The challenges currently facing Indian engineering education have been documented in a number of recent studies and expanded upon in a host of columns, opinion pieces and feature pieces in the Indian and international media. The following is a summary of the main challenges facing the sector and an overview of some of the recommendations made by education committees, lawmakers, academics and observers.

The U.R. Rao Committee Report

In 2002, a five-member committee headed by U.R. Rao, a prominent scientist and former chair of the India Space Research Organization, was established by the Ministry of Human Resources Development [54] (MHRD) to review the performance of the AICTE. Submitted to the government in September 2003, the committee’s report, Revitalizing Technical Education, describes a technical sector that is expanding at an unsustainable level and is in drastic need of regulation to ensure academic standards are improved.

When issued, the report sparked deep controversy and gained global coverage after one of its more minor and tangential recommendations — cutting fees at the Indian Institutes of Management — was acted upon by former Human Resources Development Minister Murli Joshi. The report’s main findings and recommendations center on the following areas:

Institutions Proliferate

A serious situation has arisen in recent years because of the mushrooming of a large number of private technical institutions and polytechnics. Barring some exceptions, there is scant regard for maintenance of standards.
~ Rao Committee report

In the last 15 years, there has been a veritable explosion in the number of technical colleges operating across India. Between 1990 and 2003, the number of engineering colleges alone rose from 337 to more than 1,200 (of which almost 1,000 are in the private sector). This unfettered growth has led to a host of other problems, such as faculty shortages, rising rates of unemployment and a general decline in academic standards.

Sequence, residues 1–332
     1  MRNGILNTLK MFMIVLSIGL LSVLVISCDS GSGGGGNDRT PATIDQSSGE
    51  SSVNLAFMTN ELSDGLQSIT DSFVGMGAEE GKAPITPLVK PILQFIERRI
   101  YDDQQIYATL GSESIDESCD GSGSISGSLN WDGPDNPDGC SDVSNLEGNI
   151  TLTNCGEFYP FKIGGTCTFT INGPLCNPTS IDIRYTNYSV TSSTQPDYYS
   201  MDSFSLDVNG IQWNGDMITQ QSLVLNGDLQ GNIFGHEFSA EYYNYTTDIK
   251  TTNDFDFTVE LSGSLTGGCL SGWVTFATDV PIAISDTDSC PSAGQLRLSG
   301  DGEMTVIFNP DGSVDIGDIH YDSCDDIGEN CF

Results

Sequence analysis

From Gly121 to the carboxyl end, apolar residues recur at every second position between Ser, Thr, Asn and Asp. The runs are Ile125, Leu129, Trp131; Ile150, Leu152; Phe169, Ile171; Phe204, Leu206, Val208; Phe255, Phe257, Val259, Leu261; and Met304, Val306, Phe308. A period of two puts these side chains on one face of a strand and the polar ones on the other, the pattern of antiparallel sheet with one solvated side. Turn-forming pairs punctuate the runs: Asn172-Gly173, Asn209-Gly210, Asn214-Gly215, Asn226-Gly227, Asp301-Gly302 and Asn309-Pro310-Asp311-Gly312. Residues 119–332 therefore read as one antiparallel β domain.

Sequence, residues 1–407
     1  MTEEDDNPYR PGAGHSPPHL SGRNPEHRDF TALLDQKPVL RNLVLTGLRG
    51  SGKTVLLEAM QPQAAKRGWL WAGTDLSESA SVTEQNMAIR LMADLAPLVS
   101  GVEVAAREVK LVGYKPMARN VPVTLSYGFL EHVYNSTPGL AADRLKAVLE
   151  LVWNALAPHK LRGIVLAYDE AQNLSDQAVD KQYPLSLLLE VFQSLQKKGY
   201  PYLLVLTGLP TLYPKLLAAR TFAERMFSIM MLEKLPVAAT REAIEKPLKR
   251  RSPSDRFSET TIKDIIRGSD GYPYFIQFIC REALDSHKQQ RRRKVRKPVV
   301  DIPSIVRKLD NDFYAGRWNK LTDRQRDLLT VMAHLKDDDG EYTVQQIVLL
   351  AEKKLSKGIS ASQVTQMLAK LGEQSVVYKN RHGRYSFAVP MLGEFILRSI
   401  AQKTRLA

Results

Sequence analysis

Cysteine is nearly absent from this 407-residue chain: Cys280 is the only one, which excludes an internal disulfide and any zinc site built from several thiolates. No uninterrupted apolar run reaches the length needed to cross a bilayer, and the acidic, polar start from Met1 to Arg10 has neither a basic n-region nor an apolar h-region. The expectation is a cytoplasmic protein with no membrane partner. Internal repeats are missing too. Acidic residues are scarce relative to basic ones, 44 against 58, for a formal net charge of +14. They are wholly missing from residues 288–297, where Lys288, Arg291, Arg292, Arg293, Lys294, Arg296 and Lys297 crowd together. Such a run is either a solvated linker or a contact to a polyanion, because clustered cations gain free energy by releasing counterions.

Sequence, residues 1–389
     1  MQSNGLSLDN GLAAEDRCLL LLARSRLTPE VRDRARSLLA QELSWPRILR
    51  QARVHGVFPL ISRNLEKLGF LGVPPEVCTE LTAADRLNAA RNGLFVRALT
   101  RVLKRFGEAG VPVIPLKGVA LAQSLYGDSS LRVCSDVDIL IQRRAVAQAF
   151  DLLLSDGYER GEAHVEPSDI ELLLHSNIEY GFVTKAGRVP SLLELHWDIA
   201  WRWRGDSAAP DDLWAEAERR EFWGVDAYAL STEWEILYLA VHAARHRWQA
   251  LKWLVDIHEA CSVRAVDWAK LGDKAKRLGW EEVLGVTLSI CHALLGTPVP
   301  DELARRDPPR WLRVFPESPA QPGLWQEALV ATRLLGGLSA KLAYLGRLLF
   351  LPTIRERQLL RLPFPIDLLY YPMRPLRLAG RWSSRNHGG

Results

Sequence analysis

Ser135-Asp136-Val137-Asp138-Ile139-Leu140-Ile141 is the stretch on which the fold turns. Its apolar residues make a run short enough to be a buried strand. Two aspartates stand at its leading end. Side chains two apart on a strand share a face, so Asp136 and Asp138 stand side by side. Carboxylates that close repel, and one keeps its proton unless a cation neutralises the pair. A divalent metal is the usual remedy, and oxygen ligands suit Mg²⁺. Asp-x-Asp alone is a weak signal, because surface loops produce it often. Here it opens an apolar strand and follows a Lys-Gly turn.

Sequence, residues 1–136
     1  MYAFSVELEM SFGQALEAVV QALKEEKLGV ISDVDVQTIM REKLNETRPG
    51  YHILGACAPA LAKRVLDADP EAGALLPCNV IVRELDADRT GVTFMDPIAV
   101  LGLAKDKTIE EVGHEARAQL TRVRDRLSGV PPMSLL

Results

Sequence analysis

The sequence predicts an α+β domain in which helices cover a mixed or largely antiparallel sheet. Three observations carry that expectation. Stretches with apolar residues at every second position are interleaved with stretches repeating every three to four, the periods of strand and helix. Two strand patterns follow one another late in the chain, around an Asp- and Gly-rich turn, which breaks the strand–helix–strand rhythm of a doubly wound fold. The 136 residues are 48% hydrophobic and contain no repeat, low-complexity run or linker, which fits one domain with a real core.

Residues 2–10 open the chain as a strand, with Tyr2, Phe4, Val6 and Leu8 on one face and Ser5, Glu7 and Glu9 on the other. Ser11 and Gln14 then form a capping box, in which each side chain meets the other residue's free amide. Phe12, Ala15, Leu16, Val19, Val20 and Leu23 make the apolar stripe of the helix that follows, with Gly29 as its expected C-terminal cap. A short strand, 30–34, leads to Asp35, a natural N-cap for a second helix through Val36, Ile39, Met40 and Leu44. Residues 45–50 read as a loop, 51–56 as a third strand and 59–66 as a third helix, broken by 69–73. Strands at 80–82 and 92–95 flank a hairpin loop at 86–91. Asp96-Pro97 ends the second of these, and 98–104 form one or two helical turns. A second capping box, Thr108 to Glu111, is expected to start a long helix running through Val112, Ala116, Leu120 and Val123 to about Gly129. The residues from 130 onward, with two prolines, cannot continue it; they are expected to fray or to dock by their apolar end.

Despite a projected labor crunch in certain sectors, the rate of unemployment or underemployment among first-level engineering graduates is significant. When compared to annual economic growth of 6 percent to 8 percent, the Rao report argues that an annual graduation growth rate of 15 percent to 25 percent among engineering students is unsustainable. High levels of unemployment are not, however, entirely the result of oversupply. The committee points out that there needs to be greater interaction between industry and the education system so that institutions of higher education can better understand the manpower needs of the marketplace and tailor their academic programs accordingly, especially as relates to the service sector and information technology.

The findings of an industry-sponsored report tend to confirm the committee’s belief that there is a mismatch between the skills students are graduating with and the skills required by the economy’s top revenue-generating sectors. In a study by the National Association of Software and Service Companies (Nasscom [55]), an influential trade group, and McKinsey [56], an international management consultancy, the number of workers required by the information technology (IT) and “business process outsourcing” industry will increase from 700,000 to 2.3 million between 2005 and 2010. However, by current estimates, there will be a shortfall of almost 500,000 workers, as only 1.05 million suitably qualified students will have graduated in that timeframe.

The worker deficit will not be for a lack of graduates — only one in four engineering graduates and one in 10 graduates with generalist degrees are considered employable by multinational companies. According to the 2005 report, the remainder is thought to be lacking technical skills, English competency, communication and presentation skills and the ability to work as part of a team.

Taken together, the Nasscom study and the Rao Committee report suggest that in the near term, Indian education officials need to look at ways of slowing the annual number of engineering graduates so that funds and resources can be directed toward improving the quality of faculty, infrastructure and curriculum over the longer term. The goal is to increase the percentage of workplace-ready graduates.

Geographic Inequalities

While the number of technical institutions has exploded across the country, it has occurred in geographic pockets. The four southern states and Maharashtra combined are home to almost 60 percent of the country’s engineering institutions. Compare this to the eastern and northern states, which are home to just 16 percent of the total. In terms of undergraduate enrollment, the divide is even more apparent. Nationally, an average of 350 students per million people enter technical degree programs; in the south, the figure is 1,047; southwest, 689; west, 486; east, 131; and in the north, just 102. So not only is the education system in the technical sector failing to match the demands of the workplace, a lack of regulation and planning by the AICTE has allowed for geographical pockets of oversupply and undersupply in technical manpower.